Furthermore, it is to be observed that the performance of the obligations of the covenant which is alleged to have been violated by the seller did not depend upon the condition that the covenantees should carry on the Maryland Dining Room at any particular place in Hagerstown or as owners or as tenants by a lease in writing of the premises occupied. Venable's Real Property, pp. 41, 42. It is enough that the complainants were in possession of the premises and there conducting the restaurant; whether the lease be in writing or oral is immaterial. The covenantees were engaged in keeping an eatinghouse on the original site, and so it follows that their right to proceed against the covenantor by injunction did not depend upon the execution of a conveyance, an assignment, or a lease to them in writing, but upon a breach of a written contract, and, since this contract was produced and filed as a part of the bill of complaint, the appellees have complied with the requirement that in applications for an injunction there should generally be filed by the plaintiff the papers or instruments of writing in his possession on which his equity rests. Didier v. Merryman, 114 Md. 434, 438, 79 A. 597; Havre de Grace v. Lewis, 127 Md. 367, 371, 96 A. 515; Washington County Water Co. v. Hagerstown, 116 Md. 497, 509, 82 A 826, Ann. Cas. 1913C, 1022; Stinson v. Ellicott City, etc., Co., 109 Md. 111, 116, 71 A. 527; Miller's Equity, §§ 582, 583.

2. Another ground of demurrer is the nonjoinder of necessary parties defendant. The allegations in substance are that the Washington Restaurant is a corporation which was organized by the covenantor and some of his former employees and waiters as a cover under which he managed and operated an eating house in breach of his covenant. If this be true, the corporation was the covenantor's conscious tool, and bound by its notice of the original contract to refrain, with the covenantor, from a breach of the covenant. The negative covenant here is express, and its negative specific performance by injunction is no longer...

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11 cases
  • Lipsitz v. Parr
    • United States
    • Maryland Court of Appeals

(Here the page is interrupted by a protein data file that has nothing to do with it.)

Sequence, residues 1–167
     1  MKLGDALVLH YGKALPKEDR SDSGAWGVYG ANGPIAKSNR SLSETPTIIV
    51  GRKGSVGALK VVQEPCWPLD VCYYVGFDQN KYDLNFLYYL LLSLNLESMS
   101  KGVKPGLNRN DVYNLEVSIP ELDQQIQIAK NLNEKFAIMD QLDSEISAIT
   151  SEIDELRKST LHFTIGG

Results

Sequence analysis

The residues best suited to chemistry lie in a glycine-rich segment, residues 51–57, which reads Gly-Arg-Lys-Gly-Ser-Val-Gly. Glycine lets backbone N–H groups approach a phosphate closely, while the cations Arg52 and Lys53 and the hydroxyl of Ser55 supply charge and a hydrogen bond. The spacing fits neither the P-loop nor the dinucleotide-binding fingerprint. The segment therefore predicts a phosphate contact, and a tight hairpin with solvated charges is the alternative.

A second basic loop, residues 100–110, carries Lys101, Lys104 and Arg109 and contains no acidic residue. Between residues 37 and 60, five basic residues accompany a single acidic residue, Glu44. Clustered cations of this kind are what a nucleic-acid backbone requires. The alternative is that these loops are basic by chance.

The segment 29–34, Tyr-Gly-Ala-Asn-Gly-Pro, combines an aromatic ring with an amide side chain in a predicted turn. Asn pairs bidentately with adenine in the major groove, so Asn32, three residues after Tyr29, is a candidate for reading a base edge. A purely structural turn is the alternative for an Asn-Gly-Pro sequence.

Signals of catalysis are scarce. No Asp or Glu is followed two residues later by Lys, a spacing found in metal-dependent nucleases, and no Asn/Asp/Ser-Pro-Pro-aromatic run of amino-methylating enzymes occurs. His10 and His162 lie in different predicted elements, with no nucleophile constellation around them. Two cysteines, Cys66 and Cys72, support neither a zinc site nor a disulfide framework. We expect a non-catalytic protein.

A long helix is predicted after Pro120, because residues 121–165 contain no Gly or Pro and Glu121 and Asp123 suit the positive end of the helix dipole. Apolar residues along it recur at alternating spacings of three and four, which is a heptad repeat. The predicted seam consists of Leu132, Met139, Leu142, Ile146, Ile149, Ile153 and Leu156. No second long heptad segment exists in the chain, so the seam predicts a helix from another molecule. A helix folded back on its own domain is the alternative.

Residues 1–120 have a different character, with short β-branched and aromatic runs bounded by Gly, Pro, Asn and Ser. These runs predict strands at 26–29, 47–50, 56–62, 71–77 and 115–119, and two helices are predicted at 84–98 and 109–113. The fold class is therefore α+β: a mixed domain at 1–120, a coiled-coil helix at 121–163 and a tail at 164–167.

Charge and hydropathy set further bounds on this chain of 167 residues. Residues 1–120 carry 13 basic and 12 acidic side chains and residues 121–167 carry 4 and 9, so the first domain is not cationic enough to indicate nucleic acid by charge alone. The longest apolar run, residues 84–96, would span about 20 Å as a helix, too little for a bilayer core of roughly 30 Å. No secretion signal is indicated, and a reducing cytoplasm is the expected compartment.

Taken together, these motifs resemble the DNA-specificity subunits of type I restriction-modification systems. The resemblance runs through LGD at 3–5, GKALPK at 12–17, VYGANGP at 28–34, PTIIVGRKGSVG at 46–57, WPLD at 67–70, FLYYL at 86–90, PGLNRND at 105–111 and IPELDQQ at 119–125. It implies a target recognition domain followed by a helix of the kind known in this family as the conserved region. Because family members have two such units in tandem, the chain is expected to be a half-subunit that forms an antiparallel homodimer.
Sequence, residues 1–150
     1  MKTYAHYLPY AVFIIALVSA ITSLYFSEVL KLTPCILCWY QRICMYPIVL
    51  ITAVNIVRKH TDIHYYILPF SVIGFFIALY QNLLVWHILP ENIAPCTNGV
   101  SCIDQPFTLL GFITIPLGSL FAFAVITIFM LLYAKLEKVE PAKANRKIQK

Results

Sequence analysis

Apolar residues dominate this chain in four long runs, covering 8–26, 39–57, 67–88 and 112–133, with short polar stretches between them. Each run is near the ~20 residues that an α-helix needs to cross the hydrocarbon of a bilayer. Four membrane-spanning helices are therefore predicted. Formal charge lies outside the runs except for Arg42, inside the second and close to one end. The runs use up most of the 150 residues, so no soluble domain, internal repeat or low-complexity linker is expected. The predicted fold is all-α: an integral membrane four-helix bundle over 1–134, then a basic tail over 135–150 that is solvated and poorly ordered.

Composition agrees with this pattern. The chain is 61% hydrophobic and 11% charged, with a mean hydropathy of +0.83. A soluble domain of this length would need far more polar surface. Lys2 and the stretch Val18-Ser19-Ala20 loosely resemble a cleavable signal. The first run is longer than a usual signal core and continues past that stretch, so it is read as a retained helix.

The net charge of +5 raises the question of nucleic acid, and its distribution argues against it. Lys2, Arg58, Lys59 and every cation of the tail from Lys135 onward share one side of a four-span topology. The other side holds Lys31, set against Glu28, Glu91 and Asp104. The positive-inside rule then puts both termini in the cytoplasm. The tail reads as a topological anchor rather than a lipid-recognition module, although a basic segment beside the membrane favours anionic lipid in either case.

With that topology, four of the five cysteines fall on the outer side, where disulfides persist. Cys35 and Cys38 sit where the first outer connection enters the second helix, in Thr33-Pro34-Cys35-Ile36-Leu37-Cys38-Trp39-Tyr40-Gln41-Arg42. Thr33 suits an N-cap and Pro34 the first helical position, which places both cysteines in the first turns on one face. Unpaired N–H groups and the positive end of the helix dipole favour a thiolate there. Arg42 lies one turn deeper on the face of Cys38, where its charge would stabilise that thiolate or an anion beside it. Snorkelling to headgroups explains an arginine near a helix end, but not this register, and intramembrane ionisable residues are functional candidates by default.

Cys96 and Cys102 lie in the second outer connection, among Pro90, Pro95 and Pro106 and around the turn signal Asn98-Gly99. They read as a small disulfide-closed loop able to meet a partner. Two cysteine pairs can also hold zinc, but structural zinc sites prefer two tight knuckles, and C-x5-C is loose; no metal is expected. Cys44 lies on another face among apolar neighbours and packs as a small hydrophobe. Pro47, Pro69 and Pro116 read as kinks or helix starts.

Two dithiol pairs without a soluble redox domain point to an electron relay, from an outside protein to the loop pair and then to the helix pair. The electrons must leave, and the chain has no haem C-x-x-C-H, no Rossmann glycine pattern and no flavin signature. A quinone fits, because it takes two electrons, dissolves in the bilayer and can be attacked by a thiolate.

• 15 Febrero 1933
    ... ... No basis is found for the application of that doctrine to the ... facts of this record. Hagerty v. Mann, 56 Md. 522, ... 525, 526; Kaliopulus v. Lumm, 155 Md. 30, 42, 141 A ... 440; Sinclair v. Auxiliary Realty Co., 99 Md. 223, ... 234, 57 A. 664; Lawson v. Mullinix, 104 Md. 156, ... ...
  • Standard Founders, Inc. v. Oliver
    • United States
    • Maryland Court of Appeals
    • 3 Abril 1935
    ...clearly, we think, no ratification could reasonably be inferred. Safe Deposit Co. v. Coyle, 133 Md. 343, 351, 105 A. 308; Kaliopulus v. Lumm, 155 Md. 30, 38, 141 A. 440; Sears v. Barker, 155 Md. 323, 330, 141 A. 908. objection is not found well taken. And so much disposes of the grounds urg......
  • Tolman Laundry, Inc. v. Walker
    • United States
    • Maryland Court of Appeals
    • 11 Noviembre 1936
    ... ... 164; Warfield v. Booth, 33 Md ... 63, 69, 70; Brown v. Benzinger, 118 Md. 29, 37, 38, ... 84 A. 79, Ann.Cas.1914B, 582; Kaliopulus v. Lumm, ... 155 Md. 30, 36, 141 A. 440. Compare Jones Cold Store Door ... Co. v. Jones, 108 Md. 439, 445, 70 A. 88, 129 Am.St.Rep ... 446; ... ...
  • Jones v. Burgess
    • United States
    • Maryland Court of Appeals
    • 22 Febrero 1939
    ...Nat. Bank v. Custis, 153 Md. 235, 241, 138 A. 261, 53 A.L.R. 1165; Marshall v. Marshall, 164 Md. 107, 114, 163 A. 874; Kaliopulus v. Lumm, 155 Md. 30, 40, 141 A. 440; Earnshaw v. Stewart, 64 Md. 513, 516, 2 A. 734. is generally held that in obedience to this and other applicable sections of......
  • Request a trial to view additional results
1 books & journal articles
  • Exceptions
    • United States
    • Maryland State Bar Association Gordon on Maryland Foreclosures (MSBA)
    • Invalid date
    ...324, 337, 104 A.2d 561, 567 (1954); Connelly v. Connelly, 190 Md. 79, 84, 57 A.2d 276, 278 (1948); Kaliopulus v. Lumm, 155 Md. 20, 38-39, 141 A. 440, 444 (1928); Boggs v. Dundalk Realty Co., 132 Md. 476, 481, 104 A. 45, 47 (1918); Lawson v. Mullinix, 104 Md. 156, 170-71, 64 A. 938, 944 (190......